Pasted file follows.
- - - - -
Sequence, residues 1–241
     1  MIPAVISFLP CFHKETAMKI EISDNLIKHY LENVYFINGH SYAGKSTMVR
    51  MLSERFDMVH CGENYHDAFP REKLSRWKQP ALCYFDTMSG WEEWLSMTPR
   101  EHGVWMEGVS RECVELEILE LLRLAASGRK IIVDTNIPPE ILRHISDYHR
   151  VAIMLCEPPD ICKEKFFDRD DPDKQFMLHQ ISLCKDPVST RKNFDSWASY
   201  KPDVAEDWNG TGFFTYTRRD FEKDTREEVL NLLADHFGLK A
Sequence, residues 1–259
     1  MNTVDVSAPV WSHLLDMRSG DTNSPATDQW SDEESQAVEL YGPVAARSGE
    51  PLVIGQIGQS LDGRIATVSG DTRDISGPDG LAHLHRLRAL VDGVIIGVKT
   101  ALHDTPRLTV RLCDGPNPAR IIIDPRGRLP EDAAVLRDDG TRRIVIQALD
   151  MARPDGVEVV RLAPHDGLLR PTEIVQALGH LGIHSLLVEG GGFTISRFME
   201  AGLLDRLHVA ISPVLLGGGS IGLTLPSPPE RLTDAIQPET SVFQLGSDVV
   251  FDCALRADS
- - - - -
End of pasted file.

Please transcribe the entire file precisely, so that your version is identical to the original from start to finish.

Sequence, residues 1–241
     1  MIPAVISFLP CFHKETAMKI EISDNLIKHY LENVYFINGH SYAGKSTMVR
    51  MLSERFDMVH CGENYHDAFP REKLSRWKQP ALCYFDTMSG WEEWLSMTPR
   101  EHGVWMEGVS RECVELEILE LLRLAASGRK IIVDTNIPPE ILRHISDYHR
   151  VAIMLCEPPD ICKEKFFDRD DPDKQFMLHQ ISLCKDPVST RKNFDSWASY
   201  KPDVAEDWNG TGFFTYTRRD FEKDTREEVL NLLADHFGLK A
Sequence, residues 1–259
     1  MNTVDVSAPV WSHLLDMRSG DTNSPATDQW SDEESQAVEL YGPVAARSGE
    51  PLVIGQIGQS LDGRIATVSG DTRDISGPDG LAHLHRLRAL VDGVIIGVKT
   101  ALHDTPRLTV RLCDGPNPAR IIIDPRGRLP EDAAVLRDDG TRRIVIQALD
   151  MARPDGVEVV RLAPHDGLLR PTEIVQALGH LGIHSLLVEG GGFTISRFME
   201  AGLLDRLHVA ISPVLLGGGS IGLTLPSPPE RLTDAIQPET SVFQLGSDVV
   251  FDCALRADS